While far from perfect, Bethesda’s Fallout 3 was easily one of the best games of the last few years. It was expansive and interesting and dangerous and flat-out fun. But it was also violent and full of extreme gore—not a game I’d recommend for everyone.
The recently released pseudo-sequel Fallout: New Vegas is more of the same…and then just more. This game takes place three years past Fallout 3, and there doesn’t seem to be any real connection to the two games, other than the general setting: post-apocalyptic America.
Fallout 3 took place in the area in and around Washington D.C., and felt claustrophobic—not least because you spent so much time making your way through the city’s various Metro stations. New Vegas takes place in the wide open wild West—in and around Las Vegas. The strip was spared much of the devastation that hit other parts of the country, so it was able to recover much more quickly.
You’re a courier, and the game opens up with you being shot and left for dead in a hole. But you survive, and now you want to find out why you were marked for death. The game has some main quests that move the storyline forward, but there are lots of side quests to distract you. Overall, the side quests seem more interesting in New Vegas, and there are more of them.
Fallout 3 featured a Karma system that was supposed to determine how you were treated by the local populace. It didn’t make much sense, and didn’t seem to affect things in any real way. New Vegas features a Reputation system, and it’s much more robust. The game includes numerous factions, including the militaristic New California Republic, and Caesar’s Legions, a charming group who emulate ancient Rome’s tactics of domination—right down to crucifying anyone who gets in their way. They’re all vying for control of Hoover Dam, which holds a giant supply of radiation-free water. How you interact with one faction will affect how the others treat you. It makes the game much more interesting, as you’re keenly aware that your decision has made you some allies and some powerful enemies.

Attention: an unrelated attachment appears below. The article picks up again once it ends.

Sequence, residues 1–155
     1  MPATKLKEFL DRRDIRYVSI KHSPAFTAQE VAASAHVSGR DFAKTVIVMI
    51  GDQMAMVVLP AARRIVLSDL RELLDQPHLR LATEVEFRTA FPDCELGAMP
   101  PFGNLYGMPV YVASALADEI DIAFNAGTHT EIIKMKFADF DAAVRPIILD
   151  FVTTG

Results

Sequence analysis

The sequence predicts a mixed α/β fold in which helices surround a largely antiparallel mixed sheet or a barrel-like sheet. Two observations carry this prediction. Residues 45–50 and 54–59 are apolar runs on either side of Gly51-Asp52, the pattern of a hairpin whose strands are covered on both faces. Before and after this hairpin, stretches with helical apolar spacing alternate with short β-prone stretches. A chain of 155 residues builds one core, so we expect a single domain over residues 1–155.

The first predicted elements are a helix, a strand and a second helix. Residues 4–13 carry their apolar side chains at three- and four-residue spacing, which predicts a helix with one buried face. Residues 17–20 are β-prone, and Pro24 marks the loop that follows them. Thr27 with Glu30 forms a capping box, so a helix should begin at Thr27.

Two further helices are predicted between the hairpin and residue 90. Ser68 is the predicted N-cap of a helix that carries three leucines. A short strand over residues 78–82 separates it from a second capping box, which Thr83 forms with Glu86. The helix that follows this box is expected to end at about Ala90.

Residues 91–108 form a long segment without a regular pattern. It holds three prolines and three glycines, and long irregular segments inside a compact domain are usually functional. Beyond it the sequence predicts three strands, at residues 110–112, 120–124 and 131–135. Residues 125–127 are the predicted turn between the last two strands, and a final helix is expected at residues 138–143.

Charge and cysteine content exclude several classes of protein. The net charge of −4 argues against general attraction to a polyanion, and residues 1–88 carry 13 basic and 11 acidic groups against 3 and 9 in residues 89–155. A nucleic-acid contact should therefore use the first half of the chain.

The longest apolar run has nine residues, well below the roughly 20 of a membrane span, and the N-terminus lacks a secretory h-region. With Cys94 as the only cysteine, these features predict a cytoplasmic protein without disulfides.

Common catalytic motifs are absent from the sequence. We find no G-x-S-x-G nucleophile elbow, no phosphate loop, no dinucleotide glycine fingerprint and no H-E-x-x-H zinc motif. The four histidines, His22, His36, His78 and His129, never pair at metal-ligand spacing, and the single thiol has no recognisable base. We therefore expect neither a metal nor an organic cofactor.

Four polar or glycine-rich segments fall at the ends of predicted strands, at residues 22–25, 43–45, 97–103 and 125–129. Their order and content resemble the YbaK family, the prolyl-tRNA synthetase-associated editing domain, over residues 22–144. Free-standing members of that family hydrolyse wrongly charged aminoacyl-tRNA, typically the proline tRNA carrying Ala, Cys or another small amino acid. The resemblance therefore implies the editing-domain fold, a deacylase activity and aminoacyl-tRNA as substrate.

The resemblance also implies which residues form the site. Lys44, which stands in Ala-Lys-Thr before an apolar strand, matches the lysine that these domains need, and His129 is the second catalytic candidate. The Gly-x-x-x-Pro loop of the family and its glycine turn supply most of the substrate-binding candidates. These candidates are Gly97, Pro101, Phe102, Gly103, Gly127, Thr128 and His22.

Once the story brings you into Sin City itself, you can visit and play games in the casinos, which are again open for business—and with names like Gomorrah, it seems sin is still in.
One of the most interesting new features is Hardcore mode, which ramps up the difficulty, and will test your survival abilities. Ammo now has weight, so the already tight inventory system is even tighter, as you’re juggling just how much precious equipment you can carry on your next foray into the desert. And if you don’t stop occasionally to eat, drink, and sleep, you’ll start to get weaker and weaker and eventually die. Using Stimpaks no longer instantly and miraculously heals you—you’ll heal over time, making battles even more harrowing. And if you’re crippled by a mine, a quick nap won’t help anymore—you’ve got to find a doctor, and quickly. Hardcore, indeed.
There have been reports of numerous bugs—and they’re accurate. I’ve experienced Xbox lockups, having my rifle jump all over the place, and seeing people stuck halfway through terrain. And YouTube is full of funny examples of coding gone bad. But Bethesda is hard at work on patches, so it should be more stable soon.
If you enjoyed Fallout 3, there’s no reason you won’t enjoy this, too. It’s more of the same, but an evolution of the system. It is extremely violent, though. While I thought Halo: Reach didn’t deserve its M rating, this game absolutely earns it. Players beware.
Scott Firestone IV is the associate editor of Group Magazine, online editor for youthmindev.wpengine.com, and a lifelong gamer.